Tanner emphasizes that even the most knowledgeable customers are wise to heed the advice of insert experts on their designs. He describes one such instance where an injection molder working for a major automaker had spec’d a threaded brass insert with diamond knurling for a new product they were set to produce.
“Fortunately, the OEM conducted an initial test with the insert, where it became evident that the design they selected was somewhat problematic for their production process, ”Tanner explains. “Before they could place the million-plus part order, they needed a solution, fast.”
Fearing the issue could force production backups, cost run-ups, and missed deliveries for the OEM, Tanner took the issue to one of his primary insert suppliers, Tri-Star Industries. Tri-Star specializes in threaded inserts and compression limiters for plastics.
“What we found was that the knurled surface of the inserts was chipping slightly, both in transit and as the inserts were bulk-loaded into the injection molding system (a standard operation),” says Tanner. “As a result, the accumulation of these small chips was gumming up the automated injection molding process, causing expensive unplanned downtime.”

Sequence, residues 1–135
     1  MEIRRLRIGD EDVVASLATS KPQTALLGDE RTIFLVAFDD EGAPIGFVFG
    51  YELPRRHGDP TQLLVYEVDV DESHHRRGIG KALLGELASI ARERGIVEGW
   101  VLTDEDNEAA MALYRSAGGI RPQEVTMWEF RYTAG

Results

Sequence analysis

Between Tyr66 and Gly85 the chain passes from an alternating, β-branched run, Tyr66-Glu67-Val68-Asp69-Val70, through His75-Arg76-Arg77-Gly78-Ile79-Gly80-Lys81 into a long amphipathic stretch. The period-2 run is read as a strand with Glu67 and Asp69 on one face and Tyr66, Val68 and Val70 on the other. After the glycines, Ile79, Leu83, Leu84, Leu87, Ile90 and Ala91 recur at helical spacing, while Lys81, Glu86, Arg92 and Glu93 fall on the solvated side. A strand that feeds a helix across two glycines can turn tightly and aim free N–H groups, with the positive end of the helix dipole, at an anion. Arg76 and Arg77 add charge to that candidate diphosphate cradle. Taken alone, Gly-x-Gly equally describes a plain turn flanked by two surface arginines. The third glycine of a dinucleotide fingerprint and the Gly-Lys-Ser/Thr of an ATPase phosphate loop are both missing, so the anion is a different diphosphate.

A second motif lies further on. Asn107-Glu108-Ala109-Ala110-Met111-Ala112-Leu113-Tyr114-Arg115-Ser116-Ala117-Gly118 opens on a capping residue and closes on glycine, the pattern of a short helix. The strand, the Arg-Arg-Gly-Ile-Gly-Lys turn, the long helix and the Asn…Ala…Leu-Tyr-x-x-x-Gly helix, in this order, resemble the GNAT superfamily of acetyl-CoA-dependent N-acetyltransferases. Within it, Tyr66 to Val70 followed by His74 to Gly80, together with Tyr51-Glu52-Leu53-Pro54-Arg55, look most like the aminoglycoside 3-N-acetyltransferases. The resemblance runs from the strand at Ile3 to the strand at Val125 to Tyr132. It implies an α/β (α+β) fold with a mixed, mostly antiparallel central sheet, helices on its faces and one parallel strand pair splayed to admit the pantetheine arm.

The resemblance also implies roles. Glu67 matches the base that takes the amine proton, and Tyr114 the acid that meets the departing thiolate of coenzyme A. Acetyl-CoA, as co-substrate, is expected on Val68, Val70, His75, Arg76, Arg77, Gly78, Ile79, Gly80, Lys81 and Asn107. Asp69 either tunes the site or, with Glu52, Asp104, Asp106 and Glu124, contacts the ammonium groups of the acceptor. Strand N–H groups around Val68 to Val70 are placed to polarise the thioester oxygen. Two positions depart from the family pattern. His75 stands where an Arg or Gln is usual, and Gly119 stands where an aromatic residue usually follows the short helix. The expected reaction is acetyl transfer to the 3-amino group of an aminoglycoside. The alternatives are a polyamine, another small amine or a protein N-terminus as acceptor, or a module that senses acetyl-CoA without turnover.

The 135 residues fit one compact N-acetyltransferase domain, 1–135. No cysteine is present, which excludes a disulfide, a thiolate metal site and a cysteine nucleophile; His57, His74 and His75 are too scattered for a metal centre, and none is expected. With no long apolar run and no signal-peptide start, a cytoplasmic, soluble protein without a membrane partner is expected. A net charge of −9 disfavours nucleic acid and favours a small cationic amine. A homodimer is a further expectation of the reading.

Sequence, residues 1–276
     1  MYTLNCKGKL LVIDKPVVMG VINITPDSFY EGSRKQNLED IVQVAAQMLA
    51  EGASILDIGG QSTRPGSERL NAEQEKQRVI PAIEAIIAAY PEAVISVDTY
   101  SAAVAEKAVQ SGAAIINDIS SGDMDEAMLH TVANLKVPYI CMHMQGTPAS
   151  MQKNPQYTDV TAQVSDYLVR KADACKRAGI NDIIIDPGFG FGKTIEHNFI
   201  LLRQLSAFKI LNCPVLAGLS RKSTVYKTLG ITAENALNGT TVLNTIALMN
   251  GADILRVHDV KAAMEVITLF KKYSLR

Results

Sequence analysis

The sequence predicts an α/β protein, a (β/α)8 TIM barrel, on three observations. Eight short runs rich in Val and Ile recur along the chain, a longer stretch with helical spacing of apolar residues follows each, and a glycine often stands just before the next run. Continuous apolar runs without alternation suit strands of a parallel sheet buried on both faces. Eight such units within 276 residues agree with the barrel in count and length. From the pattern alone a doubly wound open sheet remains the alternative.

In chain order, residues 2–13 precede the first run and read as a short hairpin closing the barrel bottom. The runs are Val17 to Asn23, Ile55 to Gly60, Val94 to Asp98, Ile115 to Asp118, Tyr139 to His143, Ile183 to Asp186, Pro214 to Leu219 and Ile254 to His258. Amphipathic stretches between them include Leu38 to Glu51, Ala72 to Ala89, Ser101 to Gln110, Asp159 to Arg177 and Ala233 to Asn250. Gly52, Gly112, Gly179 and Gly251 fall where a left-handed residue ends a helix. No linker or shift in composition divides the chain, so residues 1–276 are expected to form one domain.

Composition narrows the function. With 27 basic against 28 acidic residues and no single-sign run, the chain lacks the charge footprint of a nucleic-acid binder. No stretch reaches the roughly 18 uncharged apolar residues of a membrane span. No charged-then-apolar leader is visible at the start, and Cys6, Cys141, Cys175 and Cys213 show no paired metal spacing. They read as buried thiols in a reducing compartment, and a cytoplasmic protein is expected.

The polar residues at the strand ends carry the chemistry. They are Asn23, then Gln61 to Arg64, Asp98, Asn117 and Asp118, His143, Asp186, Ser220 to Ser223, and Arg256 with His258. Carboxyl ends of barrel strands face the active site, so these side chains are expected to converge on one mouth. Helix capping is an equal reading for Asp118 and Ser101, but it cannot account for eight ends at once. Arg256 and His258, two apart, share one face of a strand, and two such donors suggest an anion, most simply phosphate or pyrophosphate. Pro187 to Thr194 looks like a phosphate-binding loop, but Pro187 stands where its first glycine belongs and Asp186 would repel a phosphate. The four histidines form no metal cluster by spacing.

The technical support team evaluated the specs from the injection molder and considered the end products various requirements before developing drawings for Tanner to review with the molder. Those included the idea to modify the knurling, or the grooved pattern (often diamond-shaped) on the outside of the insert, which helps keep its place.